Flora and Fauna in the Carpathians
National Parks in the Carpathian region are places of legends and legendary sights, some of them listed by UNESCO and unmatched for bird life. Several unique species of our hoofed friends roam the extensive plains the roll up to the mountains in the Czech Republic, Hungary, Poland, Romania, Serbia and Slovakia.
Thanks to slower urban spread and development in Poland, some species and habitat types which have disappeared in the West still exist here, such as the great European primeval forest – Puszcza Bialowieska (Bialowieza Forest). Living in this forest are elik, red deer, and Poland’s biggest animal, the European bison. Did you know that all European bison have ancestors from Bialowieza? Poland is a migratory bird magnet; you can observe rollers on fallow fields, ruff on the stubble, cranes on the wetlands and eagles over the meadows. It can also be a pleasure to encounter members of the daintier species: the Pieniny mountains are the habitat for the most beautiful Polish butterfly, the Parnassius apollo. You may meet a dark-olive Aesculapian snake or a bright blue (the guy) or orange (the gal) moor frog.
Hungary’s majestic Lake Balaton is home to pike-perch, bream, carp, eel and razor fish, while its reed beds harbour various species of waterfowl, making it an exceptional bird watching site. Up to 20,000 bean geese alight here during their migration, and the lake also holds all species of European heron, the great white egret and large numbers of nesting greylag geese. Elsewhere, the dolomite slopes of the Keszthely Hills feature steppeland and dry scrub forest of Hungarian oak. Keep a look out for the rare leopard’s bane as well as orchids in the volcanic hills of Badacsony, Csobánc and Szent György, Nearby you can view native Hungarian animal breeds at the Salföld Nature Conservation Site .
Even though the forests and mountains of the Czech Republic have been inhabited and cultivated since ancient times, there are still untouched wild places. The wolf, wildcat, lynx, big bustard and grouse all consider the Czech wilderness home. Zoological gardens are also great places to spend an animal interest day when you need some formalized programming to keep wee travelers entertained.
Slovakia has the right environment for approximately 2,400 original species of plants and grasses, mushrooms, mosses and lichens, so leaf watchers, come hither! The hot and dry lowlands have primarily oak forests; be sure to look for the the small-leaf lime tree, the symbol of all Slavs. The mountains are cooler and wetter, resulting in the most common Slovak forest, of beech trees - where oodles of mushroom varieties grow, much to the diner’s delight. Higher up where the soil is less rich, spruce trees thrive, mixed with pine and fir forests. To see an impressive array of critters, visit the the Zoo of Bojnice, with 373 animal species. Children will be enthralled with the monkey and elephant pavilions, the aquarium and the terrarium.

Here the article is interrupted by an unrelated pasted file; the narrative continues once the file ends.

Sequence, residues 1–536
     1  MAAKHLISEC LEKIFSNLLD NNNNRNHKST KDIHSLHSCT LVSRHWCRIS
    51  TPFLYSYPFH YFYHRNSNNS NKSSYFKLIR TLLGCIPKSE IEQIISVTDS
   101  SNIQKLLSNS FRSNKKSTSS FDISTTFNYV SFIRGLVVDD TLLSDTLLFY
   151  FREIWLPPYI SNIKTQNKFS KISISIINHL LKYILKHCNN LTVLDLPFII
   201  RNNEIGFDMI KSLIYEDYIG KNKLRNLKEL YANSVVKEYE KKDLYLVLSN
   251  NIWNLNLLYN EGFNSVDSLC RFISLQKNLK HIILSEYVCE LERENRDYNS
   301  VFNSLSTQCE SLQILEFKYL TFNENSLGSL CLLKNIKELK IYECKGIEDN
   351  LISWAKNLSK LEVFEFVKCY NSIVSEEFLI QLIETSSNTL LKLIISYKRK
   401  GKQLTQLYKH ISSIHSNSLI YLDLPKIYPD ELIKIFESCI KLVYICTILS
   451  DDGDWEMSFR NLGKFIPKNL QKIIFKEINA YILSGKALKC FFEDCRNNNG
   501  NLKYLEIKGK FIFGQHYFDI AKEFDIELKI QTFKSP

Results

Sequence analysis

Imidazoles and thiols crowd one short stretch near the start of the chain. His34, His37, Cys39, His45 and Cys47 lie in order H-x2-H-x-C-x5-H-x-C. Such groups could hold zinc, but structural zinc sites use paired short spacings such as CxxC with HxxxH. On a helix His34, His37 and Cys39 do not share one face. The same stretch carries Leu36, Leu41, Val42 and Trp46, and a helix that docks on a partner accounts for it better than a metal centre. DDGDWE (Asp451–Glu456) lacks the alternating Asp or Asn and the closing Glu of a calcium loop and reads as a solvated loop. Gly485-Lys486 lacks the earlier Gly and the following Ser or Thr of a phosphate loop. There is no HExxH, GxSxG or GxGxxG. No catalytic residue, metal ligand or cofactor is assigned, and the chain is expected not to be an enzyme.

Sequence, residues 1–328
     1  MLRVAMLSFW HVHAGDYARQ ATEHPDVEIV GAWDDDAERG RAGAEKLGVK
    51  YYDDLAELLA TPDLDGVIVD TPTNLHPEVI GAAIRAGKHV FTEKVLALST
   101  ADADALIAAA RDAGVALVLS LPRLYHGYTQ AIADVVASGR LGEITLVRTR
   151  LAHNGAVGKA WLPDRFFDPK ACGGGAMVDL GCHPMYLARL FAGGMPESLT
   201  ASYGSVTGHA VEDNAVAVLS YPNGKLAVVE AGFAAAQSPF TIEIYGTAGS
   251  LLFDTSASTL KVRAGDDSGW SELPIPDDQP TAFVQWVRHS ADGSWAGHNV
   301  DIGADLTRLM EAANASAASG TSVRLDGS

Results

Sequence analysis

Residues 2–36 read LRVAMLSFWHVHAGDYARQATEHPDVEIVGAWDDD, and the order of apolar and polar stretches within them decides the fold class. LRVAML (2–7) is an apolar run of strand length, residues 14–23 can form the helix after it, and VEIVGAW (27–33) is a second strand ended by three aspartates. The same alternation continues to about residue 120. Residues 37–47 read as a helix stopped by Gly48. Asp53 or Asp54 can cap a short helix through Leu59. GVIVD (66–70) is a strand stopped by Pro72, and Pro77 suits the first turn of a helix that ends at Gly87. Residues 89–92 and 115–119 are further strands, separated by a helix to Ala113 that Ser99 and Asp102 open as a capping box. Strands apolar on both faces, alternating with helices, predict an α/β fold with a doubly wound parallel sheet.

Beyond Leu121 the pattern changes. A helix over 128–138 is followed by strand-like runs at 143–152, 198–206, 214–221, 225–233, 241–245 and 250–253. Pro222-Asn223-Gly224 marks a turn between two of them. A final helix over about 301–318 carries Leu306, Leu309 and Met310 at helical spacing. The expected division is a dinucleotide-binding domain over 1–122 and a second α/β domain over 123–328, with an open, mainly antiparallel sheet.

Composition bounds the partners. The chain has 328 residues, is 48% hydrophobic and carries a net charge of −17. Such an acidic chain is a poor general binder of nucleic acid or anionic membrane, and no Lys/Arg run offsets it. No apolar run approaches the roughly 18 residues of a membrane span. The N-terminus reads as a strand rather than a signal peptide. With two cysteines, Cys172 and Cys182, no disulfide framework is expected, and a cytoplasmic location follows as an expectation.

Serbia has no fewer than nine UNESCO-listed wetlands, including the Golija-Studenica Biosphere Reserve, notable not only for its exceptionally well-preserved natural resources but also for its cultural resources. Plant and animal varieties which have disappeared and become extinct in other parts of Europe are still thriving here, living in the green marshlands and dense forests of Serbia. While you’re animal spotting, you can also look for the plentiful abundance of medicinal herbs, mushrooms and forest fruits.
Recognized as the world's third most biologically diverse area - after Australia's Great Coral Reef and Ecuador's Galapagos Archipelago – The Danube Delta in Romania forms the second largest and best preserved of Europe's deltas: 2,200 square miles of rivers, canals, marshes, tree-fringed lakes and reed islands. You know this is heaven for birdwatchers and wildlife enthusiasts in general. Its passages are teaming with the highest concentration of bird colonies in all of Europe. The maze of canals bordered by thatch, willows and oaks entangled in lianas, offers the perfect breeding ground for countless species of birds, some of them from as far away as China and Africa. Millions of Egyptian white pelicans arrive here every spring to raise their young, while equal numbers of Arctic geese come here to escape the harsh winters of Northern Europe.